Offshore Sailor

Beer baiting

Beer baiting

Sailboat cruising has its downsides but periodically one stumbles on something that gladdens the heart. The road up from Prickly Bay marina is steep, grueling even, but takes one up to a height from where the sweep of the bay, with its sandy beaches fringed with palm trees, can be better appreciated. Previously, Chele and I had walked along this stretch of road and passed a sign which proclaimed the words ‘The Brewery’. Now I don’t know about you but certain words attract the attention more strongly than others. For example, ‘The Park’ does little to get the pulse racing – unless, of course, you are walking a dog. Neither does ‘The Hospital’ unless in need of some urgent medicinal attention. But ‘The Brewery’ has that certain ring about it that ups the heartbeat and lightens the spring in one’s step.

Thus, it was that late one morning I was trudging up the same track bound for a local hairdresser. Being, as my friends will testify, of a generally abstemious nature – meaning a moderate soul so far as brewed concoctions were concerned –  I was winning any impulses not to explore The Brewery further when, to my surprise, I found myself abandoning the road, swerving hard to port, crossing a shady forecourt, and entering a cool and sparsely populated chamber with a bar and an array of tables and chairs.

Behind the bar stood a young man smiling widely. Behind him was an array of highly polished vessels, taller than the height of a man, gathered as might armour-clad warriors on parade. The visual effect was stunning. For a moment, I wondered whether I had been transported through a mysterious portal and wafted up to some sort of galactic stage set. Heaven even.

“Something to drink, sir?" enquired the young man. Quite of its own volition, I could feel my head nodding. “Perhaps a beer?” he suggested. There was my head, nodding again. “Our selection is on the wall over there, sir. If you fancy an English bitter type beer, I think you should try our Rogue Pirate? At four-point-four percent it’s a good lunchtime strength for those who might have to work in the afternoon.”


My knees nearly buckled. It’s over three months since we left the UK, during which I had become at least partially conditioned to lager-type beers, yet still found they never really quelled my thirst for the genuine stuff. Yet here I was on the Caribbean island of Grenada being taunted by the promise of real ale. Could this be true? And, if so, what an irony. Then doubt overcame me. I’ve tasted various beers around the globe professing to be authentic in the context Brits understand only to discover that some were downright disgusting. Notably, I remembered some decades ago, then living in Texas, being lured to an excruciatingly bogus pub manned (if that’s quite the right word) by waitresses costumed in mini-skirted Tower-of-London yeoman outfits. Hearing the word that a ‘genuine English pub’ with ‘genuine English beer’ had opened in Houston, I had driven over 30 miles to sample it. The distinction ‘genuine’ didn’t survive the first sip. The so-called bitter had been chilled to a temperature the Titanic would have recognised and was as bogus as the costumes.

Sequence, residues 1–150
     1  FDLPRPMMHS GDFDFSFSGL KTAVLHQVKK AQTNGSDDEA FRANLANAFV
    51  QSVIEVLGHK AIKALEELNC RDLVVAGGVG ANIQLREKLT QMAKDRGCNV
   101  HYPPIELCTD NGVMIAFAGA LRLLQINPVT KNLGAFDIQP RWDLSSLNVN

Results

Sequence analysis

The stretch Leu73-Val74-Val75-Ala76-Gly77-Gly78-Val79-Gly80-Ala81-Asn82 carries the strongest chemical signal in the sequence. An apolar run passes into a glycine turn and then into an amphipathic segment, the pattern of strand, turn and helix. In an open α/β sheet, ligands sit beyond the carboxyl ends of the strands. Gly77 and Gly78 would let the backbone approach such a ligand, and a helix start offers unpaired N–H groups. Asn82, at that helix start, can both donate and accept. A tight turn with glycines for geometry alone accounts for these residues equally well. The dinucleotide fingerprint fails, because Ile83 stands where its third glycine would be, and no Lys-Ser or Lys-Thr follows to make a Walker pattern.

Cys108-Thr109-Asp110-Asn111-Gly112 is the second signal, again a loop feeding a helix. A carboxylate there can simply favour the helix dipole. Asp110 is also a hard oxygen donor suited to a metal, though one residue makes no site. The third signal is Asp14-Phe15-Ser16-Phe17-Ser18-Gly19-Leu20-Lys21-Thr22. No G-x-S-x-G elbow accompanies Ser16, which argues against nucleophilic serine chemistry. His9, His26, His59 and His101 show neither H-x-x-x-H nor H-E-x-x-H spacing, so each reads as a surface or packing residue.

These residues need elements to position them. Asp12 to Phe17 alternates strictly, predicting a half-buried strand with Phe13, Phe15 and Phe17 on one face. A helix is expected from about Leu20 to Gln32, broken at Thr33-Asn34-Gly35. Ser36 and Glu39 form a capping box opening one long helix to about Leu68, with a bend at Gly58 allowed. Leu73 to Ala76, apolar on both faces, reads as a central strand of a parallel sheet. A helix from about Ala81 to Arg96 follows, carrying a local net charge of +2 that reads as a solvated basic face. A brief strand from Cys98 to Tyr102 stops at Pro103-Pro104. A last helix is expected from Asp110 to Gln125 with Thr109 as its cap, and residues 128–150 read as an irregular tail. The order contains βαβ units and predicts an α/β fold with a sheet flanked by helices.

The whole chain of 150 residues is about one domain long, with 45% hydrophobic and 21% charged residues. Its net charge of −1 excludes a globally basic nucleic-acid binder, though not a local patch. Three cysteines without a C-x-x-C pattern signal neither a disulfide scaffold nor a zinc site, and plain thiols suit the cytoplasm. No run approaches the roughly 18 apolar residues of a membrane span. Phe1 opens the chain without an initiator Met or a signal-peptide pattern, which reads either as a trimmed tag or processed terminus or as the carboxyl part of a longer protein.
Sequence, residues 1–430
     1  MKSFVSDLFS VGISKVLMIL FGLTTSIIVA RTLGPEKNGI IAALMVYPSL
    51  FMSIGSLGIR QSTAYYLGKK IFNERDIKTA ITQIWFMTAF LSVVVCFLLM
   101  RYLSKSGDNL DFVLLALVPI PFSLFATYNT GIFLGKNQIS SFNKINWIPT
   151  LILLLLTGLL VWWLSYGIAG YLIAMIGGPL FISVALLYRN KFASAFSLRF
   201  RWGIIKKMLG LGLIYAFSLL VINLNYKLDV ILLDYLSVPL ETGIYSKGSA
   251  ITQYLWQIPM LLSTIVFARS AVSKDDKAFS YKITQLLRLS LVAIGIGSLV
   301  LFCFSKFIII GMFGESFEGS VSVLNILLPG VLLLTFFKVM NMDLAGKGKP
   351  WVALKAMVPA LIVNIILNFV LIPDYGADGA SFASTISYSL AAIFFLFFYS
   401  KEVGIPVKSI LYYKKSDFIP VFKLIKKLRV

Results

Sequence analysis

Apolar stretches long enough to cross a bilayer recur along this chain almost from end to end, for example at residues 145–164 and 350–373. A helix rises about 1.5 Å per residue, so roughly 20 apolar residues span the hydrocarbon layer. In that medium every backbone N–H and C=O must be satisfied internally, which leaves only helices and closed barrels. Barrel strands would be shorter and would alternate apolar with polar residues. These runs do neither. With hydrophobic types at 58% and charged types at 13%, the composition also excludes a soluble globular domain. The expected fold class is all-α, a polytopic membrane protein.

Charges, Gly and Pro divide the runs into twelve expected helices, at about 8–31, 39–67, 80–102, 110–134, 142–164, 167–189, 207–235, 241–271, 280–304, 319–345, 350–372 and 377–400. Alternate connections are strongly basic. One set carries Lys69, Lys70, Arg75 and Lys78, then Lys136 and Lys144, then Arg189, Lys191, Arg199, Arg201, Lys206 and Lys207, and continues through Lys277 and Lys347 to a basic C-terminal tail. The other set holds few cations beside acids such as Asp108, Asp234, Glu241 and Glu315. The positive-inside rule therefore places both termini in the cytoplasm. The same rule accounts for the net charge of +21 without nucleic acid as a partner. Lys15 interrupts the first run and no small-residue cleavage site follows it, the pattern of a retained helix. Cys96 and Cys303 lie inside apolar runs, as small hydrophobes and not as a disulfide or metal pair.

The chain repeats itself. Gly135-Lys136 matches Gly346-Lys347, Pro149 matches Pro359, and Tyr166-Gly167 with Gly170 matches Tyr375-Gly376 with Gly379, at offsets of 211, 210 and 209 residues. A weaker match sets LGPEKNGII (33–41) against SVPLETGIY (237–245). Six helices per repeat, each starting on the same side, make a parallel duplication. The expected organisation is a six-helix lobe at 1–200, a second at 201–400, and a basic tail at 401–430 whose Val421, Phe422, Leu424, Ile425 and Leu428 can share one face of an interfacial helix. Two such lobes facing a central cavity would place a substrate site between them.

Yet there was something quietly reassuring about The Brewery. I was toying with the options and thinking that in the interests of research the haircut was history. “Why don’t you try some first?” he suggested.

Now that shows confidence. Within a few seconds a smallish glass was in my hand and I took a first sip. SUBLIME! Before long, and to make a more considered appraisal, I had abandoned the glass and substituted it for a vessel more suited for the purpose. Speaking as a journalist, I have long believed that where there’s research to be done it should be done thoroughly so, entirely on your behalf, I tasted a couple more brews to see how they fared. You can’t get more self-sacrificing than that, don’t you agree? Anyway, by now I had spotted the chalkboard lunch menu and thoughts of a haircut were fading.

The Brewery was the inspiration of brewmaster Mark Heath, originally from England, who started the enterprise in a small wooden hut on the banks of neighbouring True Blue Bay. It seems the feedback was encouraging from the first. Perhaps it would have been inevitable that demand outstripped supply so before long they were obliged to move, first to nearby Lance Aux Epines in 2016 before moving just up the road to their current, much larger, premises. Theirs was to be Grenada’s first new brewing licence in over 50 years. Until they acquired that licence, they were barred from accepting payment for their beers, so dispensed the stuff free until officially sanctioned. A decidedly brave way to build up a satisfied customer base, don’t you think? But worth it, judging by the current attendance.

I never thought I would rank a brewery among the countless other delights of the Caribbean. But this one really is something special. My only regret is that in the interests of my waistline, I may have to find another route out of Lance Aux Epines. Or maybe I’ll just buy another belt a size or two bigger.

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Andrew Simpson

Andrew is a writer, illustrator and editor - mainly in the field of recreational boating. In addition to several books he has been a monthly contributor to Britain's most popular boating magazine for over twenty years. Andrew and his wife Chele spend about six months of every year sailing. After some years in the Mediterranean, they are now in the Caribbean. If you enjoy his blogs please share them with your friends. Comments or questions are also welcomed.

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